This comes more than halfway through the novel. Emma doesn’t realize that she loves Mr. Knightly two-thirds of the way through, when Harriet expresses an interest in him. Indeed, that realization comes much later. Not long after she realizes she loves him, he proposes.
Wikipedia says Emma is “…about youthful hubris and the perils of misconstrued romance.” Although it can be argued that Emma’s relationship with Mr. Knightly is important throughout the novel, so is her relationships with all sorts of people: her father, Harriet, Jane Fairfax, Frank Churchill, and even Miss Bates. Emma starts discussing her relationship with Miss Taylor. There simply isn’t enough romance to make Emma a romance novel.
Sense and Sensibility
The answer to weather Sense and Sensibility is a romance is not as obvious. There are two heroines in it, Elinor and Marianne. We are told about Elinor and Edward Ferrars falling in love but don’t see it. Throughout the novel, we see them interact, but Edward is trying to be faithful to Lucy Steele. At first, Elinor is wondering what is going on and then she is trying to help Edward do the right thing and keeping her rival from triumphing over her. Even the moving scene where she tells Edward about Colonel Brandon giving him the living, there is no spoken romance. The romantic scene between Edward and Elinor came nearly at the end of the novel, and it is mainly about a misunderstanding, maliciously created by Lucy.
Marianne’s romance with Willoughby is shown at length. We see the romance. We also see a happy ending, but by the definition given by Romance Writers of America, it’s with the wrong man. It is not with the romance and breakup that is shown so well. It was with a man who would make her happy. We see Brandon’s love for Marianne, and we see her gradual growth of her respect for him, but there isn’t a single romantic scene between the two of them.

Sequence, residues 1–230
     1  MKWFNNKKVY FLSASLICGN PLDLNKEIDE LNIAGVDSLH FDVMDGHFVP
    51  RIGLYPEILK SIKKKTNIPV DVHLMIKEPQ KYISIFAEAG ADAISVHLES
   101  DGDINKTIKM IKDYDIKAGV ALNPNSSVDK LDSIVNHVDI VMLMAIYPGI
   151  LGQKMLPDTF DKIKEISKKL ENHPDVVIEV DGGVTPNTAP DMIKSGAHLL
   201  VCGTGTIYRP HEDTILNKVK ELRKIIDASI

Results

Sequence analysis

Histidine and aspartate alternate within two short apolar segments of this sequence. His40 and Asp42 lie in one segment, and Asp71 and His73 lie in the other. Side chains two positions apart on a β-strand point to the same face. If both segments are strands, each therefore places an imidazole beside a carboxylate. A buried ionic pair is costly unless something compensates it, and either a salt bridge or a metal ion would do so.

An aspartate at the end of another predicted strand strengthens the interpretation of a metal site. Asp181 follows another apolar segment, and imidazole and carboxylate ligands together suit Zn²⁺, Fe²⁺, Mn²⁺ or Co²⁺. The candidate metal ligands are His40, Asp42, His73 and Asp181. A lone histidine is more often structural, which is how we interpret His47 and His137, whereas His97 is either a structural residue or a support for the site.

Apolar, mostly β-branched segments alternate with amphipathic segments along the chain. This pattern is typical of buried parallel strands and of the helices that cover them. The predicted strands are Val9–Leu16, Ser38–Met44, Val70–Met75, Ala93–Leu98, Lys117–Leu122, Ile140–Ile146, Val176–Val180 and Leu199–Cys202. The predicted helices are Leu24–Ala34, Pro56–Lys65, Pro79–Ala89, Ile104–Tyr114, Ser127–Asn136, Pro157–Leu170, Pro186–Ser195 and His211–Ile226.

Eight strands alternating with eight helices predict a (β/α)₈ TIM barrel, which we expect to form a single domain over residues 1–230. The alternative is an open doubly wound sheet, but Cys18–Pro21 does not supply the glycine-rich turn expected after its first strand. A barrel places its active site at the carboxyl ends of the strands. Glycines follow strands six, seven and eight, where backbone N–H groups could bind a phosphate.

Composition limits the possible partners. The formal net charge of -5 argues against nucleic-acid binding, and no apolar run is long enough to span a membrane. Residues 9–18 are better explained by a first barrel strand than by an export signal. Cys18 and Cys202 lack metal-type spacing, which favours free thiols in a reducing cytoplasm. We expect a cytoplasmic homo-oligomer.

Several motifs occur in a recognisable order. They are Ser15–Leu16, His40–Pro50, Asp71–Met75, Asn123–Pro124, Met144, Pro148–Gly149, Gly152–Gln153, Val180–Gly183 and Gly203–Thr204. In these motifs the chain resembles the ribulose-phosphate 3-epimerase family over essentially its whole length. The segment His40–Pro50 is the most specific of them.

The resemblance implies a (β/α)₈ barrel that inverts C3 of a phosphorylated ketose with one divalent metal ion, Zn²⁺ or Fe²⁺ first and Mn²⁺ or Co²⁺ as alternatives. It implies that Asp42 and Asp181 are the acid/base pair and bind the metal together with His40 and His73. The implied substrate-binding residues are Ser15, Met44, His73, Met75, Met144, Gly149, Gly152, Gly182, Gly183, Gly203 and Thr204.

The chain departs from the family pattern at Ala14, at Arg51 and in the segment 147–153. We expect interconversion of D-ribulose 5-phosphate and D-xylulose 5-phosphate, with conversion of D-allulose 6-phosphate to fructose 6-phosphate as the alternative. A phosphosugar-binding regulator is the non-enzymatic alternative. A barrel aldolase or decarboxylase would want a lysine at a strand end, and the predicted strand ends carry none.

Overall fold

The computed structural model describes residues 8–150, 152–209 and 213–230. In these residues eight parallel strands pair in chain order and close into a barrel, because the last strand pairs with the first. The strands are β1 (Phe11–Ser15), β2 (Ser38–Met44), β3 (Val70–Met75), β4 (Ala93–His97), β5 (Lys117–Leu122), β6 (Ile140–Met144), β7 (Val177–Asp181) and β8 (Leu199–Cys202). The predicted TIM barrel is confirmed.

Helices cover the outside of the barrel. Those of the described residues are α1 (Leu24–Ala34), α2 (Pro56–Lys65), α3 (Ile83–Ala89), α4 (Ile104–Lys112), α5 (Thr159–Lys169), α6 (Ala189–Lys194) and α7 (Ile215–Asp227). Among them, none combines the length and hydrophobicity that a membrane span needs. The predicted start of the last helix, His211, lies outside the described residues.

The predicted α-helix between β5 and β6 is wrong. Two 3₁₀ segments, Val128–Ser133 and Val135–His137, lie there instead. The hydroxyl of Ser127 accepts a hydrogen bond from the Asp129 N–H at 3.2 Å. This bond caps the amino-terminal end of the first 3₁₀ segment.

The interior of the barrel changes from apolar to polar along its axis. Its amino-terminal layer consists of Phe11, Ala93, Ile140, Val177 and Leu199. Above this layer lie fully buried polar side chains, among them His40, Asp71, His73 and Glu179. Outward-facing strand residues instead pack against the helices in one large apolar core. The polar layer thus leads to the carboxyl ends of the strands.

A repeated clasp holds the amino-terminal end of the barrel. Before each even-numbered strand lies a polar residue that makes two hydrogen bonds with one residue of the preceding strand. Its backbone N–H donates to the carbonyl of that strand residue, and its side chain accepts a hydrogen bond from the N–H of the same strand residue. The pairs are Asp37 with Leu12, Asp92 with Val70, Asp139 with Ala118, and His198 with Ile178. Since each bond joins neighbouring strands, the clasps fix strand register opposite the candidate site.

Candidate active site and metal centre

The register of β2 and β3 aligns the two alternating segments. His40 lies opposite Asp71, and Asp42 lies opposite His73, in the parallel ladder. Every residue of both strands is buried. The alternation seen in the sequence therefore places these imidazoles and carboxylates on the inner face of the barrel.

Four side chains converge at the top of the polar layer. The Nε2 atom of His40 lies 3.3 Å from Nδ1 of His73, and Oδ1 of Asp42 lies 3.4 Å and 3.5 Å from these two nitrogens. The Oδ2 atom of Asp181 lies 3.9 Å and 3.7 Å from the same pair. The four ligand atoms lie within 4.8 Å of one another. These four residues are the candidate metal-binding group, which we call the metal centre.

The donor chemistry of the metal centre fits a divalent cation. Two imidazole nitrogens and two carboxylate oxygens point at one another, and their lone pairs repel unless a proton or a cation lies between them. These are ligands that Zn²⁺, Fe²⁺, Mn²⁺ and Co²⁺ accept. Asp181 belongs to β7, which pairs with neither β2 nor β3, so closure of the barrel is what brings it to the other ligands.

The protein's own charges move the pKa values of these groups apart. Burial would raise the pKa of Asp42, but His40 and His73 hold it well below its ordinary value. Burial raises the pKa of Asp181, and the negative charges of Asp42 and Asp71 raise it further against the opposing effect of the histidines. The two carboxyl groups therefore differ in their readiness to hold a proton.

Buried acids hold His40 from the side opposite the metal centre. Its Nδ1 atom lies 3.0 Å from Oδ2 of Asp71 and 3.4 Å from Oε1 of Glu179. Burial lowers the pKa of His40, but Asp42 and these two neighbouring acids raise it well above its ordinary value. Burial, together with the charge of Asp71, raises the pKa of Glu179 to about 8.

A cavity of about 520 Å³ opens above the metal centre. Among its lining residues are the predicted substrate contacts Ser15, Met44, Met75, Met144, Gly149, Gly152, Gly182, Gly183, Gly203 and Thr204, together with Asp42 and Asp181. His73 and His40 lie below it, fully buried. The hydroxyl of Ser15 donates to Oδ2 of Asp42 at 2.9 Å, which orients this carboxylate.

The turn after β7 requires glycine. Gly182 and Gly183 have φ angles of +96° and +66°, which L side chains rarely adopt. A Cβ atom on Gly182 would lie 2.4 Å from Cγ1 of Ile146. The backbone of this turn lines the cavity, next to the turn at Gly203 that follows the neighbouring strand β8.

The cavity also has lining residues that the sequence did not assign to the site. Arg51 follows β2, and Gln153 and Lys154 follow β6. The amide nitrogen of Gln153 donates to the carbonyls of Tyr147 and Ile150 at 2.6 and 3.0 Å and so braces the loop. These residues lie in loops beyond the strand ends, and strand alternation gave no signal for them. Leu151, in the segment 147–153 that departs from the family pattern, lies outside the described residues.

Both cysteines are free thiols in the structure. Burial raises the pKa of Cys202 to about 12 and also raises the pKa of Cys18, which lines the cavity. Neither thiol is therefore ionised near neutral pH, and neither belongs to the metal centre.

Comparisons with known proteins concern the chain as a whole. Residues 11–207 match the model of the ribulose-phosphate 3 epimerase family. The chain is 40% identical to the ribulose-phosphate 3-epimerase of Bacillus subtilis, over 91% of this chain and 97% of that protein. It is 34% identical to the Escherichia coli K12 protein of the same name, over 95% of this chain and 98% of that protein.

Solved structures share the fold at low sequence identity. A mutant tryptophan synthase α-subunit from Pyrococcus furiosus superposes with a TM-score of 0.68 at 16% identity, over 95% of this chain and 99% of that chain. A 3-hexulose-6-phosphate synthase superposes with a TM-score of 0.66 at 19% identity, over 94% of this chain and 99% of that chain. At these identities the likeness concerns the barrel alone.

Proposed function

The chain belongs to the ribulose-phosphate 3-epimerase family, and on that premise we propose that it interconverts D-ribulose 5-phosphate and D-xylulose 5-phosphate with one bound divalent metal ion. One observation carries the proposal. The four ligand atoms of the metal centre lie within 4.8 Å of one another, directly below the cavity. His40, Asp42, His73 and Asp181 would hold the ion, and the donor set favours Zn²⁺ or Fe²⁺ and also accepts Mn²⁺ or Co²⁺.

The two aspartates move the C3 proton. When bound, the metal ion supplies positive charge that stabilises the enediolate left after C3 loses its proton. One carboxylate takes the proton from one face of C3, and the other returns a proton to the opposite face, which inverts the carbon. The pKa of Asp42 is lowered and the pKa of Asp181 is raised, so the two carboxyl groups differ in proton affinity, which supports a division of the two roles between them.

The deep relationship between Elinor and Marianne is shown, but that isn’t romantic.
Sense and Sensibility is not a romance novel.
This is not a romance novel. Although pairings are considered, none qualify as a central love story with a happy ending. We see Edmund being kind to Fanny. We know she has been in love with him for a long time, but we see little of it. We never see him in love with her, nor do we see the romance between them.
Northanger Abbey and Persuasion
These are both romance novels. In both cases, the heroine is in love with the hero for most of the novel, although it is not explicitly stated until late in Northanger Abbey. Both have the required happy ending. Although Persuasion does not show Anne Elliot and Frederick Wentworth falling in love and becoming engaged, it does show how much Anne regrets having broken the engagement. It also has a very romantic scene leading to the proposal, where Anne says, “All the privilege I claim for my own sex (it is not a very enviable one; you need not covet it), is that of loving longest, when existence or when hope is gone.”
Northanger Abbey emphases Catherine Morland’s belief that the world is like novels, but it is with the help of Henry Tilney that she learns it isn’t. Catherine is clearly attracted to him from the beginning, and there are many scenes with both.
Lady Susan isn’t a novel. It’s too short. We will call it half a novel, and consider if it satisfies the other requirements.
Lady Susan shows no sign she loves anyone. We don’t even know if the story has a happy ending for the protagonist. Her daughter is too minor a character to consider as a player in the central story. When I first read Lady Susan, I was desperately trying to find a character to sympathize with. I’ve concluded that my best choice would be Reginald De Courcy, who ends up marrying Lady Susan’s daughter. Lady Susan is not a romance novel.
By including Lady Susan, we have, by half a novel, three romance novels and three and a half non-romance novels. The tally means Jane Austen wrote some romance novels but wasn’t primarily a romance writer. She wrote stories containing romance, humor and satire, with keen insights into the human condition.
Do you agree with my conclusions? If not, please explain.
[i] Like many writers, I throw out a lot of bad writing. You don’t want to read it.